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MXR A HISTORY OF SOUND INNOVATION

MXR | A HISTORY OF INNOVATION

Whether it’s a Phase 90, the staple work horse carbon copy, any Eddie Van Halen pedal or the go to distortion+, MXR is a huge name in the guitar pedal board world.

Little do many people know that the original MXR was a short lived venture.

Starting from humble beginnings in Rochester, NY Keith Barr and his business partner Terry Sherwood launched an audio repair shop where they were in awe of how many awful guitar stomp box options were available to players.

They vowed to give guitar players something better. Rugged, roadworthy, cool looking and best of all sounds that were many time not available to the new guitarist in order to propel guitarists to find new tones and feel. MXR was born in the early 70’s with a overwhelming success.

With a few dozen Phase 90s made in a U.S. basement in hand, Keith and Terry hawked their wares from the back of a car, at gigs, anywhere an audience would checkout their new pedals.

As the company grew MXR offered more pedals such as the Distortion +, the DynaComp® Compressor and the Blue Box® Octave Fuzz. Soon Keith and Terry were cranking out thousands of stompboxes across the globe.

Soon guitarists everywhere had the multi-colored tanks on their boards signifying the future of the limitless possibilities of this new breed of pedals.

MXR became synonymous with classic recordings such as those from rock giants Led Zeppelin, The Rolling Stones, Van Halen, Jimmy Page, Ozzy Osbourne and more.

MXR’s signature intuitive, simple to use, bullet-proof tank quality married to amazing tone caused a sensation in the pedal world allowing players to reproduce their sounds on the road just as they had in the studio.

Taking cues from other newer companies entering the market in the early 80s, MXR started adding LEDs and A/C adaptor jacks to their pedals. A run of the Series 2000 saw FET Switching and dual LED indicators coupled with contoured, all medal chassis. Many of the Series 2000 had dual outputs with their own distinct sounds.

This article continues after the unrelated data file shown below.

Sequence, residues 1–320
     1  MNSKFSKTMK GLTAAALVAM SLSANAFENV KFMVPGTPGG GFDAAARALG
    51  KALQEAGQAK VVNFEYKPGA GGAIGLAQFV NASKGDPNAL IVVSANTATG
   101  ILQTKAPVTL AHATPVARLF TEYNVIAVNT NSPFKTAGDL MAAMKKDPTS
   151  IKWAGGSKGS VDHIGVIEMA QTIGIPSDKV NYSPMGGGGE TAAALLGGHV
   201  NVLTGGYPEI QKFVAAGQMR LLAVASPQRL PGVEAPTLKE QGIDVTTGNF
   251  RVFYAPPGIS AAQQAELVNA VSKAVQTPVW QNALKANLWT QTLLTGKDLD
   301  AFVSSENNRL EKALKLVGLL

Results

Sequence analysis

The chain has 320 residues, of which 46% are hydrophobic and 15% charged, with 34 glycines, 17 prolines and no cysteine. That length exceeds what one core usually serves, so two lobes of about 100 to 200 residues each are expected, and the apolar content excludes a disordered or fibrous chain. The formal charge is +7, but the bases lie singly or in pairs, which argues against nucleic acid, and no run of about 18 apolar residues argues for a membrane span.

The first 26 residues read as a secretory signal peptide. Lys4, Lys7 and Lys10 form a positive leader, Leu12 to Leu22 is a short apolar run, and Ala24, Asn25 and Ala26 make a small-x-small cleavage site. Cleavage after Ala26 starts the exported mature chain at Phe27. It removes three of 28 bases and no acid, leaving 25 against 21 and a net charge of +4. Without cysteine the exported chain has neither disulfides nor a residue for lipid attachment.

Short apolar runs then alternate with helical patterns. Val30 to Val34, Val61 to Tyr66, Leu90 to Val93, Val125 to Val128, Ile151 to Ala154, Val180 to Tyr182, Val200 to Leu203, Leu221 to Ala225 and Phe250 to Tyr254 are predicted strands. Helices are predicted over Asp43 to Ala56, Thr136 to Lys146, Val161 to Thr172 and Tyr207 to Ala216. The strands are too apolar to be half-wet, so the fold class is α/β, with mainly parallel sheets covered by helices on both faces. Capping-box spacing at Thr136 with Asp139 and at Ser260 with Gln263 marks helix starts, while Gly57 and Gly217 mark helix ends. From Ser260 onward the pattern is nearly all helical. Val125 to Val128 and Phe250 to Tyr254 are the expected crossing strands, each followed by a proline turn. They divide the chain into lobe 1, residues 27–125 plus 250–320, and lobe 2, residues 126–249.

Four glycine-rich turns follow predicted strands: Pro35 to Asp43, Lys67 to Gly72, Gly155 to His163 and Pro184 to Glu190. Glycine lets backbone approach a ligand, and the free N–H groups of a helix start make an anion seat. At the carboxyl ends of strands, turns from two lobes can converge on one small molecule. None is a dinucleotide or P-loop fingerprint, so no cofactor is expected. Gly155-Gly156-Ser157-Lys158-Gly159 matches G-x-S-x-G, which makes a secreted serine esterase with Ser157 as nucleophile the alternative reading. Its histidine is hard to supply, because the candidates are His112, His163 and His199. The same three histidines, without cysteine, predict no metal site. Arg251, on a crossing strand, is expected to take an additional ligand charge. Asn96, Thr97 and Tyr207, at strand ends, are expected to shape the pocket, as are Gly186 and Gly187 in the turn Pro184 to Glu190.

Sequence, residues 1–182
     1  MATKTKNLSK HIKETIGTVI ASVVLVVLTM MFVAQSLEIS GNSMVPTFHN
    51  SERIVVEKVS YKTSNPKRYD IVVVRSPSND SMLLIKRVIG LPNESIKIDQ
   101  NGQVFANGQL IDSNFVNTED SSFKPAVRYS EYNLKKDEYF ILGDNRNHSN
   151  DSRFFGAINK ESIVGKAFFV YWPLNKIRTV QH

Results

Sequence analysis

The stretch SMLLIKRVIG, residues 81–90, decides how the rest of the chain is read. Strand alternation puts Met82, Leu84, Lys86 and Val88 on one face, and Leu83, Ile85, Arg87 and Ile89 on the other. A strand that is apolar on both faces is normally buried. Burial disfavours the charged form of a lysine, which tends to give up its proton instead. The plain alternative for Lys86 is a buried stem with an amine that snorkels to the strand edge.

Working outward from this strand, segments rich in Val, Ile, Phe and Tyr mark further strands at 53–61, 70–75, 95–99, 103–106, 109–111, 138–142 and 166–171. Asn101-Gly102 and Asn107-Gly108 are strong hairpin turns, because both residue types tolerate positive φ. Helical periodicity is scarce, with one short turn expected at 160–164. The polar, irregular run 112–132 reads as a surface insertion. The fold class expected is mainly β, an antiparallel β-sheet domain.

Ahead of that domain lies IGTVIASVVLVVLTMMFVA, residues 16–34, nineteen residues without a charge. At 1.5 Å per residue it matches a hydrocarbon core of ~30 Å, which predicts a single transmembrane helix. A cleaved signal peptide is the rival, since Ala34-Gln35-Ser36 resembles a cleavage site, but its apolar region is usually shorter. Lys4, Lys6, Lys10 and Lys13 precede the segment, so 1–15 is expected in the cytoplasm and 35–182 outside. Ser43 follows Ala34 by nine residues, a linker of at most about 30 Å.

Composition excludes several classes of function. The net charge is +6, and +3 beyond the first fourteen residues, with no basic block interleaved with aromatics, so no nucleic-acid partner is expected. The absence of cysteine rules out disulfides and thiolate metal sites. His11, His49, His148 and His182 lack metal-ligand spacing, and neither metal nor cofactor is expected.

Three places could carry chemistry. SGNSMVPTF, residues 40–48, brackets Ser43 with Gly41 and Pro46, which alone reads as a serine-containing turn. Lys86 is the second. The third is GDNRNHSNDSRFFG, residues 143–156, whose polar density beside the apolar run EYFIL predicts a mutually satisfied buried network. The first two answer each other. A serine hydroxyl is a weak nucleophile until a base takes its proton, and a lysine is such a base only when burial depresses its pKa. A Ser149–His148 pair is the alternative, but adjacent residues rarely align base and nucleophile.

As rack units became popular from manufacturers in Japan, MXR jumped into that market with a host of rack effects ranging from a 15-Band Graphic EQ, Pitch Transposers and a Flanger/Doubler.

In 1983 MXR even introduced one of the first multi-effect rack units for guitar and bass, the Omni. The Omni was a simple effects unit at the time containing sustain, delay, equalization, flanger and chorus.

As with all the changes in the 80s quickly overtaking products from the 60s – 70s; MXR found itself struggling to maintain the bright spot in the guitar universe and unfortunately closed its doors in 1984 up against a host of new competition.

Only a short three years later in 1987, Jim Dunlop bought the MXR licensing rights and currently manufactures reissues of some of the classic MXR pedals.Dunlop has created ned models under the MXR name since its acquisition of MXR.

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